adaptations breakneck hamlet

Tim Mooney's Breakneck Hamlet: No Pause, New Hamlet

Thursday, May 21, 2015 Cora

Tim Mooney’s world debut of Breakneck Hamlet at the Clockwise Theatre in Waukegan May 29th promises to be a night free of “indulgent brooding”. Mooney’s Hamlet “fights like hell” throughout this skillfully sliced one hour version of the Shakespearean classic.

Mooney is a one-man show veteran bringing to audiences of all ages and backgrounds Moliere Than Thou and Lot o’ Shakespeare among other works and transforming towering tombs into accessible enchantments and inspirations. Literary buffs, newbies, and the literary scarred have all enjoyed his work. Adapting classic writers may bring to mind The Reduced Shakespeare Company. While they both joke about Shakespeare, their intents and approaches are different. “I feel they do it for the silliness of it all,” Mooney said. “I do it to reveal something about Shakespeare.”

He used Shakespeare’s history plays as an example. He did an entire play where he performs all the histories in chronological order in an hour. “They apply a football metaphor to them. If you didn’t know about Shakespeare’s histories going in, you’re not going to know about them going out,” he explains. “People were excited about the plays and have a grasp on them. If they attended one, they would know what’s going on.”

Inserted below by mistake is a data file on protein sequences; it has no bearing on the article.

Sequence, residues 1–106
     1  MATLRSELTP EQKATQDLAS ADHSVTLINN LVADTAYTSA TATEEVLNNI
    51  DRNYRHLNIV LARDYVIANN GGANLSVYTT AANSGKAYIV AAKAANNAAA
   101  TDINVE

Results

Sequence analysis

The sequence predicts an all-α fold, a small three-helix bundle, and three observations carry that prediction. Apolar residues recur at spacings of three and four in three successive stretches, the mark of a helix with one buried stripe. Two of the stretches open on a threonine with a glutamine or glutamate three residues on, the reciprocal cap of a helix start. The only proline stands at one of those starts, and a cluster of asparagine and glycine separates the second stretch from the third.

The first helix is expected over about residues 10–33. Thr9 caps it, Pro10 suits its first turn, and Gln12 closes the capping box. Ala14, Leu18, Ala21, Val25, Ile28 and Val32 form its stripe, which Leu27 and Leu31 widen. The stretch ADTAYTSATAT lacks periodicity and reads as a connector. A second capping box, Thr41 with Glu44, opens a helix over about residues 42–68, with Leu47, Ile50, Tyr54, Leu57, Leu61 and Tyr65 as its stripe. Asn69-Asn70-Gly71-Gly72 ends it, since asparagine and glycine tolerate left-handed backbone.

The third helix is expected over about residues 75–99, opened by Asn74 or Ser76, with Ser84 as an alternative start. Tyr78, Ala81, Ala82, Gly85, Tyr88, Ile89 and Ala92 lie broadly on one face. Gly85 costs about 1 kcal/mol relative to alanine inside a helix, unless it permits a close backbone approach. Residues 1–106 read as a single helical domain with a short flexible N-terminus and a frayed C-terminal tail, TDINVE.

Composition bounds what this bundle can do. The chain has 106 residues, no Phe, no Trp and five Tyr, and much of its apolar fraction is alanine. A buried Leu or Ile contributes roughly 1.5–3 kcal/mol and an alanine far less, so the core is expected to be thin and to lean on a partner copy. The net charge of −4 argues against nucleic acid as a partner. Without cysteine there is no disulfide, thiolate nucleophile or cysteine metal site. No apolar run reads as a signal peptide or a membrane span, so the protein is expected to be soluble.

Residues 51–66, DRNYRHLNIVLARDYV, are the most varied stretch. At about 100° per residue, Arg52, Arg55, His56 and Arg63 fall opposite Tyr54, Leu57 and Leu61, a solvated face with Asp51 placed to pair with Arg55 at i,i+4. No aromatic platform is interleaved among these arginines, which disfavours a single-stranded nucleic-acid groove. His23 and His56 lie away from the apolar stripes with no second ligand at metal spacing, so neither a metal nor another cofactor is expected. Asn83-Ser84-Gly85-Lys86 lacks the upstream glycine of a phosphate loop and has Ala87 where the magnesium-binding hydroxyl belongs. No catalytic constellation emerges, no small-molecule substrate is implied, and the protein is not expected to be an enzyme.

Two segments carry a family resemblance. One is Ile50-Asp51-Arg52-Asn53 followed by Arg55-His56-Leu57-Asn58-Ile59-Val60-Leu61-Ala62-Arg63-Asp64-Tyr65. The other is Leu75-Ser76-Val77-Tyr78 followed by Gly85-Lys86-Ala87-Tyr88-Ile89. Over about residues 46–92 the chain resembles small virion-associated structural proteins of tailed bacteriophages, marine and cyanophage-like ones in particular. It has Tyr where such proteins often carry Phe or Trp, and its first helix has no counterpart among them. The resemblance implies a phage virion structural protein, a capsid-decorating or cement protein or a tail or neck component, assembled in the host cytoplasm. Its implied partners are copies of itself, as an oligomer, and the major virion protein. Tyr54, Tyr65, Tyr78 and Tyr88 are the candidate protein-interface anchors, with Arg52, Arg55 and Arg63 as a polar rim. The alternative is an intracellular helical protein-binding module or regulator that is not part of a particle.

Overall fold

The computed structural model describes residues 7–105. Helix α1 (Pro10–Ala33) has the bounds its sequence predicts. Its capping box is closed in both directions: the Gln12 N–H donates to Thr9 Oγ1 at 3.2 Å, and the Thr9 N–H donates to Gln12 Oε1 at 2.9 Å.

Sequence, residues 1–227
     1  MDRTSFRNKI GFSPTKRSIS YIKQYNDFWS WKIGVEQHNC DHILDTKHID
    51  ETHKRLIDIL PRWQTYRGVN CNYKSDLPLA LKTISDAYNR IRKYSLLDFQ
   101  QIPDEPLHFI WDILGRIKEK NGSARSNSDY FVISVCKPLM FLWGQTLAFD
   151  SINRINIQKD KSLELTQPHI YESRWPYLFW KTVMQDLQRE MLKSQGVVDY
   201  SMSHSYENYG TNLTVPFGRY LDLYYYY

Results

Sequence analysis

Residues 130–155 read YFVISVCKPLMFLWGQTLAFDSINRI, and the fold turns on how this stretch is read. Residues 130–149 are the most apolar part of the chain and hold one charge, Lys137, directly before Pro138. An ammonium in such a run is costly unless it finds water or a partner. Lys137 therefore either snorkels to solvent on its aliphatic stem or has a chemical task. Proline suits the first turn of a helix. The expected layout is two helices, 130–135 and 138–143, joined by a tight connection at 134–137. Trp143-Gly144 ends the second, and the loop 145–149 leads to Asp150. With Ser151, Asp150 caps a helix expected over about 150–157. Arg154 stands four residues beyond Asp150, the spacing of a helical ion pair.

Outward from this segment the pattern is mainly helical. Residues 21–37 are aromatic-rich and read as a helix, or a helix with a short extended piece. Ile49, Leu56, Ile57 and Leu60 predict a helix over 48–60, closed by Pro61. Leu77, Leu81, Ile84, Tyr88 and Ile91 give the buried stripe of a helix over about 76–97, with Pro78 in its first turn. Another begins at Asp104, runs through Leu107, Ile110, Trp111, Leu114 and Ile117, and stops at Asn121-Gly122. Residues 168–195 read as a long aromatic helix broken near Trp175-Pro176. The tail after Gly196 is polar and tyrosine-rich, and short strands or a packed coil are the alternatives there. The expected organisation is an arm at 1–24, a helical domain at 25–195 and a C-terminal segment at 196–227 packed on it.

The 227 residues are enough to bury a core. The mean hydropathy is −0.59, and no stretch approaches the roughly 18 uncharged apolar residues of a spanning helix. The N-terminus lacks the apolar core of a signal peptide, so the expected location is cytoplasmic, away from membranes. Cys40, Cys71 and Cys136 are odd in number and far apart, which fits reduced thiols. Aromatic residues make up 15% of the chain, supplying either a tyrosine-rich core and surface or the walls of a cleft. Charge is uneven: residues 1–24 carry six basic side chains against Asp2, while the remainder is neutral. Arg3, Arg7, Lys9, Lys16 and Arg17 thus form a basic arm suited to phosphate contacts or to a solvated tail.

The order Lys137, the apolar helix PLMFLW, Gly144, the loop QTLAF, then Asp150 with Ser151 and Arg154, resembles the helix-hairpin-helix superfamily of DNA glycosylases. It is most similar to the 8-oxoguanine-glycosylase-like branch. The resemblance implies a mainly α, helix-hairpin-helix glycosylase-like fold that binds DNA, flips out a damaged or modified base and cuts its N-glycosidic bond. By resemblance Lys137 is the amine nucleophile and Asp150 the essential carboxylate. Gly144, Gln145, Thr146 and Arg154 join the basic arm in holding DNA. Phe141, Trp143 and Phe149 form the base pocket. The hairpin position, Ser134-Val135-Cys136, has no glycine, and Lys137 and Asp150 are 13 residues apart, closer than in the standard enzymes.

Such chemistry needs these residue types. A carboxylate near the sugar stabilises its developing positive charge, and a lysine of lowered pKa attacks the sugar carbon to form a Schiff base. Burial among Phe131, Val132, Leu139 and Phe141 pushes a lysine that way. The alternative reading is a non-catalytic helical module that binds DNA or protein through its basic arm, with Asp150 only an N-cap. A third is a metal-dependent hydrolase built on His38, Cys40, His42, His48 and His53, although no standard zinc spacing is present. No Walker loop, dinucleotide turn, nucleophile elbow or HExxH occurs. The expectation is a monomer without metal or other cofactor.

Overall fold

Tim Mooney. Picture by Brian K McConkey. Mooney loves Shakespeare’s language and world it can create within itself. “Every word is chosen down to the exact syllable, the exact vowel, the exact purpose. The more I give myself over to the process of speaking, I feel the power of the themes, the character,” he said. “Through the course of revising, I learn more about things I had no clue about when I first read it.” Streamlining Hamlet was arduous, but also a labor of love and respect for the work and the audience. A lot of thought and care went into deciding how to make this work most accessible. Mooney started with Hamlet’s soliloquies.

 “Hamlet’s a challenging character to understand. If I started on the soliloquies I would know the closest impression of what he’s really thinking,” Mooney explained. “He’s not pretending or acting. He’s talking to himself or the audience. We can have some sense of what he’s actually thinking.” He added they’re also some of the most popular speeches so he wanted to make sure to include all of them. Next he added Hamlet’s other major speeches to other characters for instance the players. Then he went act by act deciding what information the audience needed to understand and appreciate those speeches. He wrote some narrative to lead up to a soliloquy or a paragraph or scene to explain why something was being mentioned later on.

After eleven months of work, he is even more in love with the play. On the same night after a brief intermission, Mooney will also perform Shakespeare On Demand, performing a piece from any Shakespeare play the audience requests. For more information about the show and tickets, visit

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